Australian society pays special attention to social responsibility and ethical principles. Small market size and isolation do constrain both the overall productivity and the scale efficiency of Australian manufacturing industries. This problem will be mitigated by long-run economic growth. It may be exacerbated by the general equilibrium adjustment of an expanding resources sector insofar as it makes the suboptimal scale of operation more attractive in some industries. High levels of tariff protection impose an economic cost that consists mainly of making suboptimal scale production feasible. In so doing, Australian protection acts like amplified international transportation costs. Australian manufacturers have apparently made the best of the opportunities open to them, in the sense that their “revealed” production function claims a relative productivity advantage in activities that are small scale and not capital intensive. This behavioural finding may have implications for the allocation of investments in the development and adaptation of production technology.
Any social welfare system modifies the distribution of income that market forces alone would generate. All actions of government, from the establishment of property rights and the maintenance of national defence to cash grants to indigents, have such an effect. Hence, the designation of some programs, but not others, as “the social welfare system” is necessarily arbitrary. Furthermore, the number and size of social programs a nation find desirable depend in part on the degree to which private arrangements have evolved to meet the same objectives. Australia’s social welfare system is different from that of any Western European nation, the United States, or Canada. Australia relies mainly on income-tested benefits, not only for the nonaged poor–who receive such benefits in many other countries–but also for the aged and the unemployed. Australian tax laws encourage employees to take most private retirement benefits as lump-sum payments rather than as pensions. Somewhat paradoxically, most public transfer payments are fully taxable, whereas most private retirement benefits are substantially free of tax. Three key areas of the discussion focus on the interactions between tax policy toward private retirement benefits and public retirement income programs; the implications of the reintroduction of national health insurance by the Hawke government; and certain aspects of unemployment benefits that deserve to be reexamined in the light of trends in labour force participation.
In principle, the state can be asked to play widely different roles in trying to assure an adequate income for the elderly, sick, and disabled; the unemployed; and single parents, widows, and orphans. At the one extreme, the state can be viewed as a repairman, called in to fix problems when some people find themselves with less income than society is prepared to tolerate. In this view, the state is an agent-of-last-resort, called upon to act only if all voluntary or private measures have failed. Under this principle, cash assistance and social services are provided only for the truly needy as measured by an income or means test. Benefits would be designed to prevent utter destitution, but not much more. Alternatively, the state might not require a demonstration of the need for at least some benefits. Under this policy, some and perhaps all assistance would be available as a matter of right. How far away from the model of the state-as-repairman society moves clearly depends on the number and generosity of benefits available as a matter of right and on whether payments are generous or derisory. Indeed, benefits may be so generous or income tests so lax that virtually everyone qualifies.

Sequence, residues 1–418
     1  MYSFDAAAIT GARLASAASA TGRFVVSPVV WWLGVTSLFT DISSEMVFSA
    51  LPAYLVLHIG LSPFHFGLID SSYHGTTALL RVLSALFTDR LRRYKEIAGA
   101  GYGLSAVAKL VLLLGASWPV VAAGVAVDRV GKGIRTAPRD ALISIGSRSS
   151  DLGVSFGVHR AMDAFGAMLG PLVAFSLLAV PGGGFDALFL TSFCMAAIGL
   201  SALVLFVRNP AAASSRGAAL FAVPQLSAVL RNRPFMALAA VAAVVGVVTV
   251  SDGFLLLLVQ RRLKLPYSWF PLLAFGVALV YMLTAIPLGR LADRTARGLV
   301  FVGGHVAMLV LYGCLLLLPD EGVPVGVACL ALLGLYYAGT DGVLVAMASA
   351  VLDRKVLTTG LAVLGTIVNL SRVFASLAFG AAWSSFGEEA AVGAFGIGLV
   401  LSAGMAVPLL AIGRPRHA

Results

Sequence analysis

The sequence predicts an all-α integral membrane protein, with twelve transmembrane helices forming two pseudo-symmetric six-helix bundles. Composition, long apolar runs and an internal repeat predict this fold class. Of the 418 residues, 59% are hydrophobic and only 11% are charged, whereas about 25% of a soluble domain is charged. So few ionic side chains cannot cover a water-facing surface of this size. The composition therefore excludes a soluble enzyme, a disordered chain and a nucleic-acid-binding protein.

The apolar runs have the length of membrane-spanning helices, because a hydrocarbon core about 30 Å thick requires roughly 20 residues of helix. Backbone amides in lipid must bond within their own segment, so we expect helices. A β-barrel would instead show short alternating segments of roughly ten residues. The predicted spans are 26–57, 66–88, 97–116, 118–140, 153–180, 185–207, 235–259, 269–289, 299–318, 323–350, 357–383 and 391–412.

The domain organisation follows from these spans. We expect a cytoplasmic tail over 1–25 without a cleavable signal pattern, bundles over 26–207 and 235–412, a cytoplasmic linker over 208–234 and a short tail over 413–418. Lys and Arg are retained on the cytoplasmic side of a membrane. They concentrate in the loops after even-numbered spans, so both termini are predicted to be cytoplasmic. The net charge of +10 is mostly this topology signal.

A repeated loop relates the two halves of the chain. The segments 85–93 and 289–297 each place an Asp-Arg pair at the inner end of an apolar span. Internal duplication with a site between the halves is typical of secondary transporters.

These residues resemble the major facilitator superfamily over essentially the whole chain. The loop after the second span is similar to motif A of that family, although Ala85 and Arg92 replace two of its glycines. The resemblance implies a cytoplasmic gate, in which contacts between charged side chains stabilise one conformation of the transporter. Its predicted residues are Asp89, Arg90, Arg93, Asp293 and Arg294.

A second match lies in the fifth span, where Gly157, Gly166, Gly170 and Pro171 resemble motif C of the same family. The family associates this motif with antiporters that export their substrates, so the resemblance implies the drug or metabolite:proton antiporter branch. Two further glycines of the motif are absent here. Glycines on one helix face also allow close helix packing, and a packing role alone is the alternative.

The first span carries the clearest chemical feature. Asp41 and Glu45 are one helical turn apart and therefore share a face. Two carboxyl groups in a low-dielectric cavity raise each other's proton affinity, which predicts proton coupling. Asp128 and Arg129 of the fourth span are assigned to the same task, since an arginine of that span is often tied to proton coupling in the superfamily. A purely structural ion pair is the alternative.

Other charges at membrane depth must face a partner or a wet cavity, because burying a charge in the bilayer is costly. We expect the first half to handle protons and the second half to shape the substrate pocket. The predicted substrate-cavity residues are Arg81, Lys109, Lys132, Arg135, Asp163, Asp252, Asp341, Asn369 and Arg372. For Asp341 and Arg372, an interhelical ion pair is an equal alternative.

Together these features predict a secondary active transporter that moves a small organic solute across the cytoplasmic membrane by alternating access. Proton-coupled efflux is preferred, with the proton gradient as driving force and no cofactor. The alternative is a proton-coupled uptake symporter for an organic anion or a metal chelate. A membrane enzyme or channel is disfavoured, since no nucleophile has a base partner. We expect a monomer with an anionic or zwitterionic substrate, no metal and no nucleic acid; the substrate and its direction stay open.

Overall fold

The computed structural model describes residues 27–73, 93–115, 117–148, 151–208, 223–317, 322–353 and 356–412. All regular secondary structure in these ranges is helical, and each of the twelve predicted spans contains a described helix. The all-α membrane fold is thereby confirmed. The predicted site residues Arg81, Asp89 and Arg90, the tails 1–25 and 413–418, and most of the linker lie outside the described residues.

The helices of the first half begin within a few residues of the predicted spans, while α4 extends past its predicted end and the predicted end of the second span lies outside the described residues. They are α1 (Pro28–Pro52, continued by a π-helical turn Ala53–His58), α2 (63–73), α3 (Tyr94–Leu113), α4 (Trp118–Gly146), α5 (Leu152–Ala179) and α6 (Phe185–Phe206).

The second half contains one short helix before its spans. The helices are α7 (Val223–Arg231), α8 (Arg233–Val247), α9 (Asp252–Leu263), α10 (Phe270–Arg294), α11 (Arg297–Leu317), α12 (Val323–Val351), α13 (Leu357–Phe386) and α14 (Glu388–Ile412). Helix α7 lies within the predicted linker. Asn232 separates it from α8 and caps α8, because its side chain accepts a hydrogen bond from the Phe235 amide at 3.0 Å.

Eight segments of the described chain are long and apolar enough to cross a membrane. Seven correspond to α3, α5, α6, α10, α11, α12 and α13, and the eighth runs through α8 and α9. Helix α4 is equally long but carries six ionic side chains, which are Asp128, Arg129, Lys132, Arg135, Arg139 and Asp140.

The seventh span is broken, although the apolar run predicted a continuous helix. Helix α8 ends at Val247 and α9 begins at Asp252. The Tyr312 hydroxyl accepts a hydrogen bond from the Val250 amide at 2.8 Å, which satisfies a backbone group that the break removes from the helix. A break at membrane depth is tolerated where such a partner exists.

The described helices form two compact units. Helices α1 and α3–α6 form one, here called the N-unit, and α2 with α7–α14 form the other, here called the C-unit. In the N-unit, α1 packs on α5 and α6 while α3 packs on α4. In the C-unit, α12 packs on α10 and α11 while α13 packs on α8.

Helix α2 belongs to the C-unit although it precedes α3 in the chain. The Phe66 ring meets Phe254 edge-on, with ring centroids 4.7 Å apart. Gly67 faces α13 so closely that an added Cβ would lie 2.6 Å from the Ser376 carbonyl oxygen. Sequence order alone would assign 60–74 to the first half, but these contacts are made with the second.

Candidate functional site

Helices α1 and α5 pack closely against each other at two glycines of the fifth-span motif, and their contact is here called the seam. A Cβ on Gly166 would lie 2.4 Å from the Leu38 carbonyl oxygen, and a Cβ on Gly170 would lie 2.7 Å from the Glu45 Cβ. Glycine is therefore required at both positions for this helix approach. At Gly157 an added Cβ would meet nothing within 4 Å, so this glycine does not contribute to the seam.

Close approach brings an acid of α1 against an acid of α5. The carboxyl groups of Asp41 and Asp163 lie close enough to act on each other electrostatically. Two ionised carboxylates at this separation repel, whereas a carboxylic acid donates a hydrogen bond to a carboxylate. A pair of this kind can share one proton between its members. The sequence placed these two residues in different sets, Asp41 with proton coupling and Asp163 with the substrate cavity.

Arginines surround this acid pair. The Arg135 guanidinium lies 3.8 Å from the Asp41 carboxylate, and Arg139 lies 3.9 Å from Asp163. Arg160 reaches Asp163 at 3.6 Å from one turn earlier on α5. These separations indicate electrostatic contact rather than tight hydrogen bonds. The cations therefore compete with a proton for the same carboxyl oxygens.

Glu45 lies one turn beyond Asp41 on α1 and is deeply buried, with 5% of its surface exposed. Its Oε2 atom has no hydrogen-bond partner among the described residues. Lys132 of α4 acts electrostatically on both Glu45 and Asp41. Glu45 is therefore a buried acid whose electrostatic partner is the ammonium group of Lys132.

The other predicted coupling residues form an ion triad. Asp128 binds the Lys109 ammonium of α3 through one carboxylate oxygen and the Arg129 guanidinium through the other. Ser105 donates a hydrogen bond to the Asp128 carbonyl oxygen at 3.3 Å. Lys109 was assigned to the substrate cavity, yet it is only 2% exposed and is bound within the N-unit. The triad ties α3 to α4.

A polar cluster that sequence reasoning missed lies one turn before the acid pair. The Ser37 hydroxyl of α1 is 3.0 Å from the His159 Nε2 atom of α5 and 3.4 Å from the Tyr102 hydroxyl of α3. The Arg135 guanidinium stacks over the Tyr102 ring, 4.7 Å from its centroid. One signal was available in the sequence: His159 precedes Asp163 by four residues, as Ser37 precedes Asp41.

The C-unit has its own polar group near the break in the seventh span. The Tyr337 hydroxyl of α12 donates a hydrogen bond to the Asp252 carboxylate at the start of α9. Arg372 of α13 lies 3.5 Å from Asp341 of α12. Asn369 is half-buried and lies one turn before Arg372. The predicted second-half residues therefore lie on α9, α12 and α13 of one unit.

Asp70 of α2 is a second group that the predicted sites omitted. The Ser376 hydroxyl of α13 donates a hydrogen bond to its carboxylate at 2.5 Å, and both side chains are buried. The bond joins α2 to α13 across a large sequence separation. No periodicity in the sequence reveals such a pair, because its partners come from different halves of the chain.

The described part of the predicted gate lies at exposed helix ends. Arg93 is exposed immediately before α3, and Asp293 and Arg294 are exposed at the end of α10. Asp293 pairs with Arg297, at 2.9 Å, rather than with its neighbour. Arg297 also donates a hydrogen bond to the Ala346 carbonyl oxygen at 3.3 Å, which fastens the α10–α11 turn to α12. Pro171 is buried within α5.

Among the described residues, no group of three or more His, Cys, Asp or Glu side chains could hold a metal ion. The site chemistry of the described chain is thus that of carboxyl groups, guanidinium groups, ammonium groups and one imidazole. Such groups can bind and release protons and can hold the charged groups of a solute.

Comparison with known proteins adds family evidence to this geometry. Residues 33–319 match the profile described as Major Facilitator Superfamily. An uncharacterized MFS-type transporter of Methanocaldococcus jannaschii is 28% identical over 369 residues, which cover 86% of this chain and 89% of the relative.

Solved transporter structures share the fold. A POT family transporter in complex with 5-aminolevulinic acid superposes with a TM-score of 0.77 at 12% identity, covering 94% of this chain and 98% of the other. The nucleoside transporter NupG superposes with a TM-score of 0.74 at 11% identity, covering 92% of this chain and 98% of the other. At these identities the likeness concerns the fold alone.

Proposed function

This new government legislation leaves practically no corner of society untouched. It has had a strong impact on the interaction and the issues that involve the government, business, and the public. The government has imposed laws, regulations, and other forms of persuasion on both businesses and the public. In turn, the business has used lobbying and its own form of persuasion on the government for favourable treatment, while the public, in general, has used the political process, voting, and pressure and interest groups to make their voice heard by the government. The role of government in business and social actions today is broad in scope. It extends all the way from local community laws and regulations to international laws and regulations. Multinational companies like Mark & Spencer are involved with laws and regulations at all levels of government, from local laws to international laws, while domestic companies are influenced and controlled primarily by local, state, and national laws. The government has seen its role as the helper, promoter, and protector of the general health and welfare of the nation, business, the community, and the consumer. With the growth and expansion of towns and cities, the local and state legislatures felt compelled to write new legislation which would “protect the social welfare” of the increased and higher density population. New zoning laws were passed on lot sizes, fence heights and locations, sidewalk requirements, and on every imaginable subject one might think of.
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